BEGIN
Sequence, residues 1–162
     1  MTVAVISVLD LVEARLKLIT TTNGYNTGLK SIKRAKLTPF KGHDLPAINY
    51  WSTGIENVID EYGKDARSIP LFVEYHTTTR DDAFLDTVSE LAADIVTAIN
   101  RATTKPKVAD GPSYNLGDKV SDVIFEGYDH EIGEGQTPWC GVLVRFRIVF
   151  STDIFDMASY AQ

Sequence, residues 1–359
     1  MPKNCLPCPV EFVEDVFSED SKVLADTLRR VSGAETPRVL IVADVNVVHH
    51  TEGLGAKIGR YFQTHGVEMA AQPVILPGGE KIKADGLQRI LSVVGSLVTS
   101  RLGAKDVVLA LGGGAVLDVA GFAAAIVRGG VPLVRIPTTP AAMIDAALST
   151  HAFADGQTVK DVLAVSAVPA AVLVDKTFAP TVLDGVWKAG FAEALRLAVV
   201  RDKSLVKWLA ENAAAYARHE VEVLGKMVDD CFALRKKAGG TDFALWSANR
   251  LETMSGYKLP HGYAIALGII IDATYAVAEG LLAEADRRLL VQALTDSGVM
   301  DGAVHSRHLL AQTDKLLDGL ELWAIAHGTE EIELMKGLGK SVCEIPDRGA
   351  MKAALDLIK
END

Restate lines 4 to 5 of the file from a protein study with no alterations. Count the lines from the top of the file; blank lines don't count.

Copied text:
   101  RATTKPKVAD GPSYNLGDKV SDVIFEGYDH EIGEGQTPWC GVLVRFRIVF
   151  STDIFDMASY AQ